The Debate | Opinion | Southeast Asia

Myanmar: Sanctions Are the Key to a Democratic Future

To compel the military to change, Western governments need to go after the income that helps sustain it.

Myanmar: Sanctions Are the Key to a Democratic Future

Students protest against the February military takeover by the State Administration Council as they march at Kyauktada township in Yangon, Myanmar on July 7, 2021.

Credit: AP Photo

Sanctions are a critical and effective tool for governments and international bodies such as the United Nations or the European Union to express anger at actions that threaten them or cross a line of behavior that is anathema to their system of values. Critics say sanctions are often poorly conceived and rarely successful in changing conduct; supporters contend they have become more effective in recent years and remain an essential foreign policy tool. I completely agree with the supporters.

Since the 9/11 terrorist attacks, there has been a pronounced shift toward targeted or so-called smart sanctions, which aim to minimize collateral damage to innocent civilians. Sanctions are a way of coercing better behavior but take time to bite.

One widely claimed success story of economic sanctions dates back to those the U.N. imposed on South Africa’s apartheid regime in 1977, with a mandatory arms embargo. The regime ended in 1994. Many advocates considered sanctions crucial to the defeat of apartheid.

History has shown that Western sanctions imposed on Myanmar from 1998 to 2015 yielded results. They imposed significant pressure on the military regime then in power to negotiate with the National League for Democracy and held elections in 2015. This led to a slight relaxation in military rule and opened our country economically.

Following the coup in Myanmar on February 1, Western countries – namely, the United  States, EU, United Kingdom, Canada, and New Zealand – imposed sanctions on the military’s State Administration Council (SAC) at a much faster pace, and the U.K. and EU just added more sanctions. What took years in the past took only months following the coup. On July 2, the U.S. announced its latest round of sanctions, designating  22 individuals connected to the regime including three SAC members, four military-appointed cabinet members, and 15 adult children or spouses of previously designated Burmese military officials whose financial networks have contributed to military officials’ looting of the country’s assets. In addition, the U.S. Department of Commerce added Wanbao Mining, Ltd., two of its subsidiaries, and King Royal Technologies to its Entity List.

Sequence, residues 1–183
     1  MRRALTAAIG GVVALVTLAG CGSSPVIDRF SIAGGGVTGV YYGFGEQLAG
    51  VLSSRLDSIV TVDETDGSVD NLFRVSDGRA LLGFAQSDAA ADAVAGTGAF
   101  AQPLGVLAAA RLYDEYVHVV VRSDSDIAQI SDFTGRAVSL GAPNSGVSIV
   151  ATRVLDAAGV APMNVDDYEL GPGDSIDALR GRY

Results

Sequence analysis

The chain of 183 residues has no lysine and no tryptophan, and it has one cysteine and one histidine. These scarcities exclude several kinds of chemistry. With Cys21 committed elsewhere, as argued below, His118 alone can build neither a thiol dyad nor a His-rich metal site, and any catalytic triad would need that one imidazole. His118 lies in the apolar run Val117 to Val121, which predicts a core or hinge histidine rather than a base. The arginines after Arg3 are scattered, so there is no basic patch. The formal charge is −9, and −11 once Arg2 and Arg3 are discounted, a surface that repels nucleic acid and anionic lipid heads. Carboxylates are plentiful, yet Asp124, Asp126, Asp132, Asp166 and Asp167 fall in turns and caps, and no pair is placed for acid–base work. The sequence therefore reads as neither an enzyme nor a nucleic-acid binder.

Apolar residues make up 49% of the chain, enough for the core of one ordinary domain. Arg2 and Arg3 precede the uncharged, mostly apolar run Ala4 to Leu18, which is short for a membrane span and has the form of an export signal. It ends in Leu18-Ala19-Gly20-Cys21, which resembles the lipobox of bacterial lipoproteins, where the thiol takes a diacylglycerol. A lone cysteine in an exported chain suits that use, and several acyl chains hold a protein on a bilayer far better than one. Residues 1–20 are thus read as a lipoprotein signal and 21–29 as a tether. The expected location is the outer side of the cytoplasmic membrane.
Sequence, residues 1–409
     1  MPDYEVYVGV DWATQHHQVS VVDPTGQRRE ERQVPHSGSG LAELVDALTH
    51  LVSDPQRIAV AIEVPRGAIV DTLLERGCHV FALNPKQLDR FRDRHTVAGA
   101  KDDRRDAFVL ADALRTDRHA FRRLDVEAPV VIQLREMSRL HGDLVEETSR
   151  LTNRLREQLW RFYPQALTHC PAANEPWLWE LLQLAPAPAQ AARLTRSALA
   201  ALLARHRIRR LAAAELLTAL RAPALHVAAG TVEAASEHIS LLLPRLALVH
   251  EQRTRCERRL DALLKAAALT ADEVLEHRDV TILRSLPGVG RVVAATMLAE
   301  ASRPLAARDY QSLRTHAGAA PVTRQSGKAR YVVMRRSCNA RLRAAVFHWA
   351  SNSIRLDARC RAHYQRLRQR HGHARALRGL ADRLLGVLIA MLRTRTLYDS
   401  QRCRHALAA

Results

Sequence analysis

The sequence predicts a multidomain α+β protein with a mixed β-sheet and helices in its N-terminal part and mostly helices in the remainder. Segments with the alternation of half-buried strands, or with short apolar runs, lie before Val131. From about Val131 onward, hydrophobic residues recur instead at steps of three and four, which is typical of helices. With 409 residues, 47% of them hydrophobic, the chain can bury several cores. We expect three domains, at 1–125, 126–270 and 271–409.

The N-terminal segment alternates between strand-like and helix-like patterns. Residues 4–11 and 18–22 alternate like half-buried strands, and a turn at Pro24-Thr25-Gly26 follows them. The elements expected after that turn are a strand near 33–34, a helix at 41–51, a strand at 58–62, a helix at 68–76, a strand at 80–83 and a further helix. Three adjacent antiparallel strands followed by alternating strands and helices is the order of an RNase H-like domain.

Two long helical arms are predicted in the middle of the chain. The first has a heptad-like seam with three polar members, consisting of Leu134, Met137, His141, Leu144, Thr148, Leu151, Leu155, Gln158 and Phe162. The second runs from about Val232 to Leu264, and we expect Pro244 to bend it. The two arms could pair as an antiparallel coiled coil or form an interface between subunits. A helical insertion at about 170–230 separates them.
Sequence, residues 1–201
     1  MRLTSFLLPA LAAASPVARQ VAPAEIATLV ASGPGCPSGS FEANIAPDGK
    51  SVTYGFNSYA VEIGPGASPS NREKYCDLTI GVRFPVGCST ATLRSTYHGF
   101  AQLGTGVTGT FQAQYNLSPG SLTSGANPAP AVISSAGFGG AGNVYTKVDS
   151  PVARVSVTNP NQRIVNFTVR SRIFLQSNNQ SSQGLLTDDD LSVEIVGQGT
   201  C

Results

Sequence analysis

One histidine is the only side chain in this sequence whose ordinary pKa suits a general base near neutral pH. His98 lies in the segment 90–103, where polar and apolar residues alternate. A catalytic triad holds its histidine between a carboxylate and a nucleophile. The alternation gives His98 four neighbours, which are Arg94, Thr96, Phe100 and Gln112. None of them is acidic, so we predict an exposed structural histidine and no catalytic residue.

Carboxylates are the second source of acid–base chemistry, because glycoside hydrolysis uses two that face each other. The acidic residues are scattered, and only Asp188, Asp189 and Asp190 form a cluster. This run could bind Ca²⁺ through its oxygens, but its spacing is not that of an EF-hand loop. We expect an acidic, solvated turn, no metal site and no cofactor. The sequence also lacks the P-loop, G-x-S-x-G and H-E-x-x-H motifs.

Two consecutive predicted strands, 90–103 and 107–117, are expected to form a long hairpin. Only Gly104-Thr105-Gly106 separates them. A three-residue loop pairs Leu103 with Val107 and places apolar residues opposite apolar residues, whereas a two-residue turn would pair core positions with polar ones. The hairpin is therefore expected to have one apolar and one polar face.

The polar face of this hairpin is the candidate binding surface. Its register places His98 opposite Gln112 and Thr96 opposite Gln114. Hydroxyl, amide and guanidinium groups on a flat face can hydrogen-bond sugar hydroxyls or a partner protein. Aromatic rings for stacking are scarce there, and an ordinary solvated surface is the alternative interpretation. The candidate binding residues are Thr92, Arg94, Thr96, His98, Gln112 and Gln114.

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Most governments and international agencies have condemned the coup and the junta has found it difficult to garner international support. It has lost its seat in the U.N. and not been recognized by international bodies such as the World Health Organization and International Labor Organization.

The democratically elected officials, who won office at the November 2020 elections, have formed the National Unity Government (NUG). Massive protests have rocked Myanmar as the people reject the coup and a broad swath of the country’s civil society participates in our freedom movement. To date, more than 900 people, including children, have sacrificed their lives fighting the military regime  and thousands more have been arrested with torture and beatings a certainty. The military is repeating the atrocities committed in the past on its own innocent and unarmed population, including the Rohingyas.

After a year of COVID-19 shutdowns, Myanmar’s economy was already suffering. The planned vaccination program was halted by the SAC. The current third surge of COVID-19 is taking a toll without effective measures and supplies for the treatment of patients. The coup has amplified those problems to an alarming level. Trade with neighboring countries has been disastrously disrupted. Cutting off the internet, restricting access to bank accounts, and seizing bank funds, among other oppressive measures, have led to the near-collapse of the financial sector. Hyperinflation has forced a 30 percent devaluation of the currency in just four months. Some economists estimate that Myanmar’s economy – essentially in a free fall – could suffer a contraction of 30-40 percent this year. Foreign investment has nearly dried up as investors flee the country.

The people of Myanmar yearn for freedom. What can the world do to support my country’s democracy movement?

First, it is crucial that countries impose targeted economic sanctions on Myanmar and take effective steps to enforce those measures.

Second, the SAC needs to be prevented from using the international banking sector and obtaining finance from international institutions such as the World Bank and the International Monetary Fund.

Third, sanctions have to be escalated urgently to capture key revenue sources including oil and gas remittances to the Myanma Oil and Gas Enterprise (MOGE), Myanmar Mining Enterprise 1 and 2, and the junta’s timber exports. Western governments should also drop the hammer on the junta’s “crony”  tycoons. Cronies help the military evade sanctions and pump billions of dollars into their coffers.

We are now in the sixth month of Myanmar’s Spring Revolution. Each day my country’s people are sacrificing their lives in the fight for their right to freedom and democracy – the ability to choose who they decide should make their laws, guarantee respect for human rights, and build a federal union of Myanmar with participation from all of our many ethnic groups. We can and will fight our own battles until we succeed. I do not believe it is asking too much of the international community to support our efforts by cutting off access to the funds that the evil, murderous military regime uses to prop itself up.